4. “Understand how you Learn” – See point 3, throughout my education and some of my professional career I was always that person that appeared never to listen, I was always dismantling whatever was in front of me while someone talked to me. It was not until one employer put the entire team and himself in to a “train the trainer” course where the trainer being a savvy man had laid the desks out with a wild range of toys and attention diverters. This was heaven to me for 3 days I had a range of stuff I could fiddle with, much to my boss at the time’s annoyance. In a demonstration of the fact I do listen, the trainer at the end of 3 days asked “What was the memorable date I mentioned on day one?” My boss nearly fell off his chair when without a pause I recalled the date. My point here is find how you learn, I would love to be a person who can digest a 700 page manual and not drift off, watch a video and know all the facts. Truth is I cannot, I learn by doing which is a kinaesthetic learner, get me the product and let me try to break it and I will understand it. Find how you learn and try different approaches, believe me it works.
  5. “You’re not an expert if you read TripAdvisor” – I will relate this to point 4. If you have read a review on TripAdvisor have you experienced that hotel? Or are you at best reading someone else’s opinion which is likely skewed? Apply the same mantra when absorbing competitive information, companies and rightly so will skew their competitive information to make you think and believe your product is the best. While I condone this attitude, I would hazard caution with drinking the cool aid, get your competitors documentation, product / service and form your own opinion. Back to point 1 “competition” in a competitive situation do not under estimate your competitor they could be a Rockstar. Leverage point 11 and if you cannot obtain a view for yourself rely on your network and get some stories. I have been guilty of being blinkered in the past and it will catch you out.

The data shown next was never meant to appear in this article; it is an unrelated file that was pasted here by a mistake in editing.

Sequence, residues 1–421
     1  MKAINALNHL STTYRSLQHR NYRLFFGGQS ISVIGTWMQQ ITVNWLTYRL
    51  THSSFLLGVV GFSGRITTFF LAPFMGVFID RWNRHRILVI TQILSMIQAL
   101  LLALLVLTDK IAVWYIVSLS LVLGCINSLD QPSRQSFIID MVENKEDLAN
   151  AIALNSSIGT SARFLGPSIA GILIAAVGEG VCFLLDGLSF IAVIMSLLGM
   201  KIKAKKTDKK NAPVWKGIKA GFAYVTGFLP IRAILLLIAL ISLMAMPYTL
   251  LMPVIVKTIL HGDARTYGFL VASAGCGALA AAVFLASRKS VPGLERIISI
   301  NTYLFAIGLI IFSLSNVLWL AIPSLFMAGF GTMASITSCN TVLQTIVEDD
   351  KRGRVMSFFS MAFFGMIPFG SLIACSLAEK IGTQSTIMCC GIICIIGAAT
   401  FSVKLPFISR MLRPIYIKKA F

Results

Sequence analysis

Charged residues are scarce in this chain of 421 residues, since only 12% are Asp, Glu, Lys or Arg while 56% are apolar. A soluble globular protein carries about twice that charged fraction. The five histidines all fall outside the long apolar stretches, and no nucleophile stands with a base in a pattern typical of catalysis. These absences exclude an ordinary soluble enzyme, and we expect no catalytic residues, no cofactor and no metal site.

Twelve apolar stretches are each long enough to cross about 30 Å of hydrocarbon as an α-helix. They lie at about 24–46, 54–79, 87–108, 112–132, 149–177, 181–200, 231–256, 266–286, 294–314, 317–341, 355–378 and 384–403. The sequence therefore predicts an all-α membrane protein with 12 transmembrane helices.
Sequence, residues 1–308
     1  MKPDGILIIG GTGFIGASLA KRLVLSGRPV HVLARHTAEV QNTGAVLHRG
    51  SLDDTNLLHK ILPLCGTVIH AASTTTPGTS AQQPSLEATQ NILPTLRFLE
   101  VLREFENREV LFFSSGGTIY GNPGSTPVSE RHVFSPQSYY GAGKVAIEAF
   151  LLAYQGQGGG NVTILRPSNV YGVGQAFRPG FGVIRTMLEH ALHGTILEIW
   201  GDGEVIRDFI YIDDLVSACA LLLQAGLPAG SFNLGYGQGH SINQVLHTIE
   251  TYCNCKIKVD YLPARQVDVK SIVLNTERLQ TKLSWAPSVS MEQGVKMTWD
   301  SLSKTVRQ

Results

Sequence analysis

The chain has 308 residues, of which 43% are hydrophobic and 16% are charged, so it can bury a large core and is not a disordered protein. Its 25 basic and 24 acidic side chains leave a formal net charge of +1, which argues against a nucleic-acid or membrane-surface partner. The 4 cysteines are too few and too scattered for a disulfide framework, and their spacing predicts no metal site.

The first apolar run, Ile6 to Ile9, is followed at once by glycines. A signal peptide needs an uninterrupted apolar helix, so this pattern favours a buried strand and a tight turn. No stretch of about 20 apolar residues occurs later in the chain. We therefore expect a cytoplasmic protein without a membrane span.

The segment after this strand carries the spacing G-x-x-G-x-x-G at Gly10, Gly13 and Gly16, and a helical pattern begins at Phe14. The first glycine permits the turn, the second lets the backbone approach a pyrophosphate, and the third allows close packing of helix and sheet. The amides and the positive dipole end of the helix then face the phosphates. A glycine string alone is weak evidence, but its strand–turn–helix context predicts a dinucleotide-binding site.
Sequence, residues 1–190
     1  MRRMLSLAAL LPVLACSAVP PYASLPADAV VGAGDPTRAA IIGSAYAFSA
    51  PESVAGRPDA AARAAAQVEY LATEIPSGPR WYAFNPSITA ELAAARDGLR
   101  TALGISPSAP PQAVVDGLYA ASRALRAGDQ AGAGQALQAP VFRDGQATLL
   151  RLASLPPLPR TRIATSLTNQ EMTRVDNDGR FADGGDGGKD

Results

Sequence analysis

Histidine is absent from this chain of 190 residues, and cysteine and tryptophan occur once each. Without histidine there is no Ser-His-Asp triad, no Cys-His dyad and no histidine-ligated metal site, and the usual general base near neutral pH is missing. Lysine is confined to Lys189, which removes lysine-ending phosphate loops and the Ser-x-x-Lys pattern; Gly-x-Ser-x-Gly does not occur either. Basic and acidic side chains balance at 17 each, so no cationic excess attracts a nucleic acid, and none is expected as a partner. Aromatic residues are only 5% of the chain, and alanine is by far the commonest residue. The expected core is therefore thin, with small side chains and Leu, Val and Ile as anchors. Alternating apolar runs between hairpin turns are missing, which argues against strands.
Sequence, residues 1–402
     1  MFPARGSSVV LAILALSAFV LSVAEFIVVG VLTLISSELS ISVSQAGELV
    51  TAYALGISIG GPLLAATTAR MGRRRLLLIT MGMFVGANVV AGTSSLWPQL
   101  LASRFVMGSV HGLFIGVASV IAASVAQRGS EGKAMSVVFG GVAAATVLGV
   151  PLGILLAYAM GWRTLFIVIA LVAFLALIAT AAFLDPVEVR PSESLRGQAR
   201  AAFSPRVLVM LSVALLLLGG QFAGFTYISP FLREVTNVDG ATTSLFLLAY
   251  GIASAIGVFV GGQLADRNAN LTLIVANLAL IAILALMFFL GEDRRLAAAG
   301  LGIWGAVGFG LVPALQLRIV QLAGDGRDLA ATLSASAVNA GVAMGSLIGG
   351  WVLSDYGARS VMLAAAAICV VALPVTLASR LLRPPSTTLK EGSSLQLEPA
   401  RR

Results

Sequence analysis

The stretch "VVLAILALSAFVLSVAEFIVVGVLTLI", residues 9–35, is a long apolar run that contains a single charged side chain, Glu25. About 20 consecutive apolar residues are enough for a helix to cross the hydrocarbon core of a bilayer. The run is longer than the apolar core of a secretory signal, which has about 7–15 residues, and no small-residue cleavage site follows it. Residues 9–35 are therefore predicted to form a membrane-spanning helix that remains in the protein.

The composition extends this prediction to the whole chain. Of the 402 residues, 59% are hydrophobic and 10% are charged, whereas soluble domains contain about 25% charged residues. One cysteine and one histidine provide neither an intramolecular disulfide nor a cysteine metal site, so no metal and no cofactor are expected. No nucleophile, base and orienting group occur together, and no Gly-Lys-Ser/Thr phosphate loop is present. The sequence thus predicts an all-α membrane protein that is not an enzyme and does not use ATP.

6. “Freestyling is fun but flawed” – I am guilty of this, freestyling a meeting whatever it may be with no set outcome or agenda will more than likely land you in trouble. As talented and experienced as you may be just put aside 5 minutes for a basic plan or framework with your sales team, you will be surprised on its effectiveness.